The Problem

It is time that the full scope of Type 1 diabetes is acknowledged, which includes millions of adults who are too frequently misdiagnosed as having Type 2 diabetes, an altogether different disease.

About Me

I was diagnosed with Type 1 diabetes in April 1995. I was hospitalized (blood sugar = 619 mg/dl) and briefly went into diabetic ketoacidosis (DKA) in the hospital. But because I was 35 years old, I was diagnosed by the hospital’s endocrinologist as having Type 2 diabetes, despite having zero risk factors, and I was taken off of IV insulin and discharged from the hospital. I was given a prescription for glyburide, a sulfonylurea, which did nothing for me.  I was sent to classes for Type 2 diabetes at the local diabetes center.  Because I am a scientist, I studied the information provided to me about diabetes and realized that phenotypically I fit the textbook description of Type 1 diabetes, and one week after I was hospitalized I confronted my endocrinologist regarding the “Type 2 diabetes” diagnosis. To his credit, the endo admitted he made a mistake; I was put on exogenous insulin, and given the diagnosis of Type 1 diabetes.  Shortly after my Type 1 autoimmune diabetes diagnosis, I was diagnosed with autoimmune hypothyroidism (Hashimoto's Disease), which is rampant in my family.

Because of the horrible treatment I received when first (mis)diagnosed, I have worked ever since to change the perception that Type 1 diabetes is a childhood disease. It is not—it is far more prevalent in adults than children. Since my diagnosis, I have met numerous others with adult-onset Type 1 diabetes who were also misdiagnosed as having Type 2 diabetes.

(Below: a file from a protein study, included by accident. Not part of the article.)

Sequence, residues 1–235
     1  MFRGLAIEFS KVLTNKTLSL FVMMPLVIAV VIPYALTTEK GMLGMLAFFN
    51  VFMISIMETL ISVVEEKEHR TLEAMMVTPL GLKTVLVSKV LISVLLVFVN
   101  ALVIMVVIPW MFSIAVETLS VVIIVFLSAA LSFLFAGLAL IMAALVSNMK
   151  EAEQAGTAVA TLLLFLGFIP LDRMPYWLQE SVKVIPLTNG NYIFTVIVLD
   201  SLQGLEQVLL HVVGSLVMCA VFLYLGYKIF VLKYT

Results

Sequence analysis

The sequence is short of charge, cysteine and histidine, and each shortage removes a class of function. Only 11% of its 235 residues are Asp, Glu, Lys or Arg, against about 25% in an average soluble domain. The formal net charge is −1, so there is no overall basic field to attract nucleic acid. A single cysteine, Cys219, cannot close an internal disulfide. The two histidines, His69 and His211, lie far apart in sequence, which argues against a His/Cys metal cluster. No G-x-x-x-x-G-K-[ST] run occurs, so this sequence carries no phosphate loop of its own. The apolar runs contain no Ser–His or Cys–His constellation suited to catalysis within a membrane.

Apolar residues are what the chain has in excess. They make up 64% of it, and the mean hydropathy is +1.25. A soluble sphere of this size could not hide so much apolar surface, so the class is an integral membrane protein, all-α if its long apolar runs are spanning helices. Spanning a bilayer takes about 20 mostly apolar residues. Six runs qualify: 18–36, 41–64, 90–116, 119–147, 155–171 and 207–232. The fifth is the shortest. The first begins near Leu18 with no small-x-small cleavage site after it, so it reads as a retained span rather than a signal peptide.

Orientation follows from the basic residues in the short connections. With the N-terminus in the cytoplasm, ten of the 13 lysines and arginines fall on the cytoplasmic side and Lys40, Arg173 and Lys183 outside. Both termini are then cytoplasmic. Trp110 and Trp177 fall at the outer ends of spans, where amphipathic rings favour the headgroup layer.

Since 1998, I have used an insulin pump (now using the Animas Ping).  In the spring of 2011 I started using the Dexcom continuous glucose monitor (CGM), and I wonder how I ever managed without it.  I follow a lower carbohydrate diet (not very low carb).  I am a lifelong athlete, and previously competed on my high school track and field team and my college squash team.  Now, I do power walking, hiking, kayaking, and fitness training.  I believe that exercise has tremendous physical and mental benefits for those of us with Type 1 diabetes.  I have avidly practiced yoga for 24+ years, and also practice meditation, and I believe that my yoga and meditation practices have helped me cope with the 24/7/365 rigorous care that diabetes requires.  I love to travel, and had traveled all over the world prior to being diagnosed with Type 1 diabetes.   Since my diagnosis, I have happily continued my travels (but take more precautions); my most exotic destination since my T1D diagnosis was Bhutan, in the Himalayas.  My latest adventures include seeing the United States National Parks, which are truly treasures.


  1. Nice to meet you!

    1. Hi Dmeanderings, nice to meet you, too! Glad you are blogging about LADA.